Department of Health
Kagawaran ng Kalusugan
The DOH seal represents a commitment to quality, trust, and excellence in promoting health and wellness for all.

Department of Health Central Office
Department overview
FormedSeptember 10, 1898; 125 years ago (1898-09-10)
HeadquartersSan Lazaro Compound, Rizal Avenue, Santa Cruz, Manila
14°36′55.95″N 120°58′54.99″E / 14.6155417°N 120.9819417°E / 14.6155417; 120.9819417
MottoFloreat Salubritas Populi ("Promotion of Health for the People")
Annual budget₱296.3 billion (2023) Increase[1]
Department executive

The Department of Health (DOH; Filipino: Kagawaran ng Kalusugan) is the executive department of the government of the Philippines responsible for ensuring access to basic public health services by all Filipinos through the provision of quality health care, the regulation of all health services and products. It is the government's over-all technical authority on health.[2] It has its headquarters at the San Lazaro Compound, along Rizal Avenue in Manila.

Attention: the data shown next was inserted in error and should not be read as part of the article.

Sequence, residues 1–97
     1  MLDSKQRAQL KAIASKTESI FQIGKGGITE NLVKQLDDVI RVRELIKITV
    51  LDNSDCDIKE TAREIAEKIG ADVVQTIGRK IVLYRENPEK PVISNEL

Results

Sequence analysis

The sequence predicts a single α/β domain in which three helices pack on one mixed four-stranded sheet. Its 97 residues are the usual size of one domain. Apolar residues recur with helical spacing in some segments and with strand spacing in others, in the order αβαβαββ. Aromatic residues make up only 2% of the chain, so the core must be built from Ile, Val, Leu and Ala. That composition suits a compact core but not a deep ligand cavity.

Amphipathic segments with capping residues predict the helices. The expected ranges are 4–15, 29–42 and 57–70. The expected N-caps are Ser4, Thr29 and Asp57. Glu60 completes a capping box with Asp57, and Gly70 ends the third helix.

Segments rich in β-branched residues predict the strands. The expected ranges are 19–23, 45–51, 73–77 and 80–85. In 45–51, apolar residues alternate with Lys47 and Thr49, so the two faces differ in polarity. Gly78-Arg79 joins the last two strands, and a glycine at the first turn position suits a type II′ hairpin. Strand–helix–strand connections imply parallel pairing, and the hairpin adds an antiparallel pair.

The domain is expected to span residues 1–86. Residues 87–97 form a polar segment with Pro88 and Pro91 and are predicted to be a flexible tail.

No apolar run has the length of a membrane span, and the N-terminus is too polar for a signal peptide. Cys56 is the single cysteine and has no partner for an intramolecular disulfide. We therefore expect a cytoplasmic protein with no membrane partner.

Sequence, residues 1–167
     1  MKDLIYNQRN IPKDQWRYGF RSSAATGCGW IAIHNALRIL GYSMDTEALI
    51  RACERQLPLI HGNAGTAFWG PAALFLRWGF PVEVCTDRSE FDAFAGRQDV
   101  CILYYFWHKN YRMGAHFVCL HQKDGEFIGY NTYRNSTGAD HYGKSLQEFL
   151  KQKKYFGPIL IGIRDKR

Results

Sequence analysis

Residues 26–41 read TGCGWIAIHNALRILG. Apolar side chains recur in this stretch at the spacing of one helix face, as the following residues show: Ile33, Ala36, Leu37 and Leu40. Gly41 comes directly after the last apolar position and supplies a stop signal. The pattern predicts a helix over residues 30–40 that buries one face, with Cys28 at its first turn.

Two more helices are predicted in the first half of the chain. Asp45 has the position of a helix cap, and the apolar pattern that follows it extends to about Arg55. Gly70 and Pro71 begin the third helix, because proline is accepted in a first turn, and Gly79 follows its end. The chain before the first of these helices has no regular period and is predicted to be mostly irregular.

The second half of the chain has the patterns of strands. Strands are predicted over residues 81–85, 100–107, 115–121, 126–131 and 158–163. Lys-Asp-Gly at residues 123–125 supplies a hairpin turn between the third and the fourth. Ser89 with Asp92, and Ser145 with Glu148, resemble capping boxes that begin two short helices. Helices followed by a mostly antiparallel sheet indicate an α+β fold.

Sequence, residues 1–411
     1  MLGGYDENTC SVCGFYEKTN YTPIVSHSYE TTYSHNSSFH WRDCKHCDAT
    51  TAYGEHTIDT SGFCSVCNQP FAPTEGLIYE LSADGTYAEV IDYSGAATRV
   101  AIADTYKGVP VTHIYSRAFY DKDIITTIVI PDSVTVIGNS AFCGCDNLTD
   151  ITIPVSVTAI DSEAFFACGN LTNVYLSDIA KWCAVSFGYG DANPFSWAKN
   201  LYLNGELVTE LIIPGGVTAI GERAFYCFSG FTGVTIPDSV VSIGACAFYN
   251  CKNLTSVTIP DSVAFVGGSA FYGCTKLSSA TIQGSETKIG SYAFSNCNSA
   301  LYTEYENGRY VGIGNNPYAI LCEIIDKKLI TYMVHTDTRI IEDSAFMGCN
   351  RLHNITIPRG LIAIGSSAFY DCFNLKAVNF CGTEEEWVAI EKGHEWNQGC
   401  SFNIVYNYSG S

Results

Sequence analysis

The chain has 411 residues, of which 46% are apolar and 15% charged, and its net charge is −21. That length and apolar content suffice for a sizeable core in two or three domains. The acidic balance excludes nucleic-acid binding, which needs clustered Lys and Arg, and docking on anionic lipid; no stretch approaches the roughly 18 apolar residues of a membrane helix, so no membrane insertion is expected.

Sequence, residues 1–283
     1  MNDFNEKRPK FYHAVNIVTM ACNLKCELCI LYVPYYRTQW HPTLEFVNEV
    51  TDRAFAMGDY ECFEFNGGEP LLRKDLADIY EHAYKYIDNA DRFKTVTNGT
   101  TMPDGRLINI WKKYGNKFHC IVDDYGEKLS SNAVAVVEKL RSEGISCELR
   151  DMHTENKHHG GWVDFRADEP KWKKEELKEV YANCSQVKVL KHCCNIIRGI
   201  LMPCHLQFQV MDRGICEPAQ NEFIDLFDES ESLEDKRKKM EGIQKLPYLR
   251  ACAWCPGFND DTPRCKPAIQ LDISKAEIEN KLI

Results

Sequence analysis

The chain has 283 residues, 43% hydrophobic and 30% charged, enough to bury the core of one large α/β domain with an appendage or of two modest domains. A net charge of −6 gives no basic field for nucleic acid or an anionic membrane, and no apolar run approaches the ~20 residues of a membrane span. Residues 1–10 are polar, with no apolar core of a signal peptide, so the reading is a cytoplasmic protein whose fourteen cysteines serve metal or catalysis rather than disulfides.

The head of the department is currently Ted Herbosa as the Secretary of Health, as nominated by the president of the Philippines last June 5, 2023, pending confirmation by the Commission on Appointments. The health secretary is a member of the Cabinet.


Americans assembled a military Board of Health on Sept. 10, 1898, with its formal organization on September 29. Upon its creation, Dr. Frank S. Bourns is assigned as president while Dr. C. L. Mullins is assigned as assistant surgeon.[3] The purpose of this Board of Health was to care for injured American troops but as the hostilities between Filipinos and Americans waned in 1901, a civilian Board of Health was now deemed appropriate with Dr. L. M. Maus as the first health commissioner.

In the early 1900s, 200,222 lives including 66,000 children were lost; three percent of the population was decimated in the worst epidemic in Philippine health history. In view of this, the Americans organized and erected several institutions, including the Bureau of Governmental Laboratories, which was built in 1901 for medical research and vaccine production.

The Americans, led by Dean Worcester built the UP College of Medicine and Surgery in 1905, with Johns Hopkins University serving as a blueprint, at the time, one of the best medical schools in the world. By 1909, nursing instruction was also begun at the Philippine Normal School. In terms of public health, the Americans improved on the sewer system and provided a safer water supply.